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Barbershop Wellness Brings Health Care Directly to Dunbar Neighborhood

From Jonathon Little, Guest Columnist

On a balmy Saturday morning in Fort Myers, residents of the Dunbar neighborhood congregate at Utopia Unisex Salon and Soul Food, as they have for more than 30 years. This Saturday looked a little different, however, as Lee Health teamed up with the Florida Department of Health Lee County and the McGregor Clinic to perform routine health screenings and provide educational materials to members of the community.

The monthly barbershop wellness program aims to reach residents of the neighborhood by bringing care directly to those who need it. The idea was a collaboration between Diane Spears, a nurse at Lee Health, and Karen Krieger, community outreach program manager for Lee Health. The thought was simple, by bringing preventative care and screening to those who normally don’t go to the doctor, they can be empowered to take control of their health before developing more serious conditions.

History has shown that the African American community is often deeply cautious of going to the doctor. This is a trend that Spears hopes to reverse.

“In all of my years of caring for patients I’ve noticed the same issues, the African American community often does not regularly go to the doctor, and by the time we see them, we don’t have many options because they waited too long,” said Spears, who has been a nurse at Lee Health for more than 50 years.

Spears notes the most common things that she and her team can screen for are conditions like diabetes or high blood pressure. Often, the people she screens don’t know they are sick, and she wants to help them manage their conditions before they lead to vision problems or a stroke or heart attack. 

Utopia is a staple of the Dunbar community. Owned by Tracee Tobler, the salon has been operated by members of her family since opening more than 30 years ago. When approached with the idea of hosting the barbershop wellness program, Tobler saw the perfect opportunity to give back to the community that has helped her business thrive.

“The barbershop has always been a place where people talk and have a good time,” said Tobler. She acknowledges the fear of the doctor many members of the African American have, particularly so for black men. “Many of the people who come to our salon or restaurant haven’t been to the doctor in years, and when they come here they are in a relaxed more comfortable state of mind,” she added.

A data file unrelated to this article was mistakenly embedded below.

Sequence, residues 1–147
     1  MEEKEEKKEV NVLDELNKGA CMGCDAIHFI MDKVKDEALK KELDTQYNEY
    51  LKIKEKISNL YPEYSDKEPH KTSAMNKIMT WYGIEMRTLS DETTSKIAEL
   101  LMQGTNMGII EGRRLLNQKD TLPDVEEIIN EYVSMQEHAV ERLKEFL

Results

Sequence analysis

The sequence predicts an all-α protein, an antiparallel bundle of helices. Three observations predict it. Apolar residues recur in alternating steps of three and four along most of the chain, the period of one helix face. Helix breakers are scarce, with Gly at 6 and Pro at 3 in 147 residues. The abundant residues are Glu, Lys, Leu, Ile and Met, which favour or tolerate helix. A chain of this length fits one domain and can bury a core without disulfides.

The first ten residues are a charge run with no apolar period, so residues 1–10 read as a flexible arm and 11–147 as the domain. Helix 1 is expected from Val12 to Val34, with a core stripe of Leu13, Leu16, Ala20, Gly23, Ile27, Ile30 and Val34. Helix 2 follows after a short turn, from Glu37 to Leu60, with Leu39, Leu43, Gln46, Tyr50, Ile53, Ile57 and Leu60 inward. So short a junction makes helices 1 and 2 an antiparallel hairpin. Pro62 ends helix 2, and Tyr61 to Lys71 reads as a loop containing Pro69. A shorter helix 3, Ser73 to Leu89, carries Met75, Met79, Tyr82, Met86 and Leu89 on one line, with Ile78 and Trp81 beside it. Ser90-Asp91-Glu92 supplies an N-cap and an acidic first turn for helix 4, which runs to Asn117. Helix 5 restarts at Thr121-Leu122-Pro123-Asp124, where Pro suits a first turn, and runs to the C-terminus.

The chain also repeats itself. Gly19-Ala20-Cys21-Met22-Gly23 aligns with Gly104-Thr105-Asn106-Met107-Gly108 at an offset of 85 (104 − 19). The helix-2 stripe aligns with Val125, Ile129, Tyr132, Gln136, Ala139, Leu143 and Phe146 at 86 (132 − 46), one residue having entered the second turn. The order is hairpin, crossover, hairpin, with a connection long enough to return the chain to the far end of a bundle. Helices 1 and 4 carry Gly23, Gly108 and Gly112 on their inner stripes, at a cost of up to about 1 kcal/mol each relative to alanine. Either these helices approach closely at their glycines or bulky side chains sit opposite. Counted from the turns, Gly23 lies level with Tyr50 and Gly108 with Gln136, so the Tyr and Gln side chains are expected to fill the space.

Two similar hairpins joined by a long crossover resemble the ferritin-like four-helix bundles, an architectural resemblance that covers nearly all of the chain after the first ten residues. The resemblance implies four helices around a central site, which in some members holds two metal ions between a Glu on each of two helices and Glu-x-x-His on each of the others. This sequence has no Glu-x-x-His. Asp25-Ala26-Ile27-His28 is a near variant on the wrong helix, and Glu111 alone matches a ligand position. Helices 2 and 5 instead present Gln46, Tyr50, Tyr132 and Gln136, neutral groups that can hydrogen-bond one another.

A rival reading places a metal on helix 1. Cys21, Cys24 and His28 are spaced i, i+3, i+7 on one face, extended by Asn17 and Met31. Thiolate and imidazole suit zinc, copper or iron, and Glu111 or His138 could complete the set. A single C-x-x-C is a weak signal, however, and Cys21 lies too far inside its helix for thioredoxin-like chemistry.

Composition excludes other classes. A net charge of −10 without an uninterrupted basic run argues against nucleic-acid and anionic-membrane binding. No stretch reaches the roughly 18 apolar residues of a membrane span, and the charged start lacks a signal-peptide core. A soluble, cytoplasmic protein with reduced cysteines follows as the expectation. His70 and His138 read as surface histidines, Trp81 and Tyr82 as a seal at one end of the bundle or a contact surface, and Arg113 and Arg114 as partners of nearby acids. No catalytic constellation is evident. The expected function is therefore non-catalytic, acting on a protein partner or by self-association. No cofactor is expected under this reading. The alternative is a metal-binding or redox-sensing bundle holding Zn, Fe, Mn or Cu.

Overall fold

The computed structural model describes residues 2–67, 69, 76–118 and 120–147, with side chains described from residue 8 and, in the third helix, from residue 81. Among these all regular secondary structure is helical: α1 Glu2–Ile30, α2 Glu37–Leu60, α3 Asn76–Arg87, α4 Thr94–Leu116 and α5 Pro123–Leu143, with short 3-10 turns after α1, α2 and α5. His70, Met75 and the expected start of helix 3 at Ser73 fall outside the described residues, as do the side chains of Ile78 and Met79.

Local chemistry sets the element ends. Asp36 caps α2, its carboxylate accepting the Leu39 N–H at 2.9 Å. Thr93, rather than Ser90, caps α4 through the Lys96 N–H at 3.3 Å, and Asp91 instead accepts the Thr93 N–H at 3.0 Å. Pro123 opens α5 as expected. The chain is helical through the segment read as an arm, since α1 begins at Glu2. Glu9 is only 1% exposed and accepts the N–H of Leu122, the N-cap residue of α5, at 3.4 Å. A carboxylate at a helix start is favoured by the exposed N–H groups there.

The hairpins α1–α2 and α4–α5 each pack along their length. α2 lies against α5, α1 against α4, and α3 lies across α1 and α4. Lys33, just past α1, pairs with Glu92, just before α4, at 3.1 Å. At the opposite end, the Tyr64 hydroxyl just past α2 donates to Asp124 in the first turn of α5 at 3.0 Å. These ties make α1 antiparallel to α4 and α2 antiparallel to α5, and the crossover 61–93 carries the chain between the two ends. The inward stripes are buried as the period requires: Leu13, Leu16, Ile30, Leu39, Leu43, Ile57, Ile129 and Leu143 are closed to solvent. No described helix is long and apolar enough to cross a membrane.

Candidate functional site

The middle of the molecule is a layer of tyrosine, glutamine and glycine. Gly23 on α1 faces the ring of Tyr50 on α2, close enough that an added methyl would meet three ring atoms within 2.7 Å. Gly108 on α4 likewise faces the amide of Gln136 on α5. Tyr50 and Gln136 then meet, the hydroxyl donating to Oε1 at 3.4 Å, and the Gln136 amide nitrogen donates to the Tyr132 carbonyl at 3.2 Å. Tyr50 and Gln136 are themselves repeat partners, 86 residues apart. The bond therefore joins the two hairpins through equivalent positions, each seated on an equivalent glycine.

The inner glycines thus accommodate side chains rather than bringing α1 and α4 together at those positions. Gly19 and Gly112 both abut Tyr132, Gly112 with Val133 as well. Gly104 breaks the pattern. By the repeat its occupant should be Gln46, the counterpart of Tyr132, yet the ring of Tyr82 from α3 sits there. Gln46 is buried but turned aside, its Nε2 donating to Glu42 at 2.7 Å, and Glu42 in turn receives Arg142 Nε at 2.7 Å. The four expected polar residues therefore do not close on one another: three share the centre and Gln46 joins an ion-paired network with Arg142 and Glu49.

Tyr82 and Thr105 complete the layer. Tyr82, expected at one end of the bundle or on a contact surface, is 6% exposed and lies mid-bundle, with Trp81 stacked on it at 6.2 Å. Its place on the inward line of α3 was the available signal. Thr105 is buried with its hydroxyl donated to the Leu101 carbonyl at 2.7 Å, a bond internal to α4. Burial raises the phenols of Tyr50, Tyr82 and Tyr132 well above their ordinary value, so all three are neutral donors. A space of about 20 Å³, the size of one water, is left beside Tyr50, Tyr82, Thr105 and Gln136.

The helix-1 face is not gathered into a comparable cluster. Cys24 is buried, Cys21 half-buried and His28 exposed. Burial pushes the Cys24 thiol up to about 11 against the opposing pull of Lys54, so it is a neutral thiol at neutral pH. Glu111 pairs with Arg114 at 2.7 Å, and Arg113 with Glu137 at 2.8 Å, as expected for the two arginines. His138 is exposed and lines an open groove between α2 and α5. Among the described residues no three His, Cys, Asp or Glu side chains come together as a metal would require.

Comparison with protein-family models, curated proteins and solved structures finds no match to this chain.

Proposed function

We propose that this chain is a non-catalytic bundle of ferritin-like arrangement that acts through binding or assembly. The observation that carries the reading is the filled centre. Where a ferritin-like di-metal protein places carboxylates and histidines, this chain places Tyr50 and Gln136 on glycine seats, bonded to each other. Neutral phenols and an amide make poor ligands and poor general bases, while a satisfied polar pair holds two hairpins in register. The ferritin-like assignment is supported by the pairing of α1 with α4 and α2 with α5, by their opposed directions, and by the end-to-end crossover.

That feeling of comfort is the thing that makes the program successful. Taking place the first Saturday of every month, Lee Health has already seen increased interest in the resources and health screenings since the program first launched in November. According to Spears, only a handful of people took advantage of the free program during its first day. However, as the program has progressed, there has been an increased comfort level from patrons of the salon. February’s event reached about 30 people in two hours.

“I think this is a great resource for our community, I am already coming here to get my haircut and now I can also make sure I’m taking care of my health,” said John Powell of Fort Myers who spoke with a nurse on his way into the salon.

In addition to health screenings and providing educational resources, Lee Health nurses and volunteers can also help refer people to a doctor if the screenings reveal pressing health concerns. Spears refers to hypertension as a “silent killer,” and points out that many black men don’t even realize they have high blood pressure until they have a heart attack. 

In addition to screenings, each month focuses on a different area of health care. For February, the focus was on STD prevention and awareness. The McGregor Clinic brought their bus and provided free STD testing with immediate results. The Florida Department of Health Lee County handed out kits aimed at prevention. In the kit, people received educational materials, condoms and information about PrEP (pre-exposure prophylaxis) to help protect against HIV.

The barbershop wellness program was originally supposed to launch nearly two years ago, but the global COVID-19 pandemic put those plans on hold. Spears was ecstatic to finally see her vision come to fruition, and the passion for her helping her community rang through her voice as she talked about what’s next.

“We want to expand, we want to go to more barbershops here in Dunbar to help people. People don’t need to get sick; we take our time with every person we speak with to help them become more comfortable with going to the doctor and provide them with a pathway to improved health and wellness,” she said.

PHOTO: Diane Spears (left) and Tracee Tobler stand in front of Utopia Unisex Salon where free health screenings are offered the first Saturday of every month as part of Lee Health’s barbershop wellness program.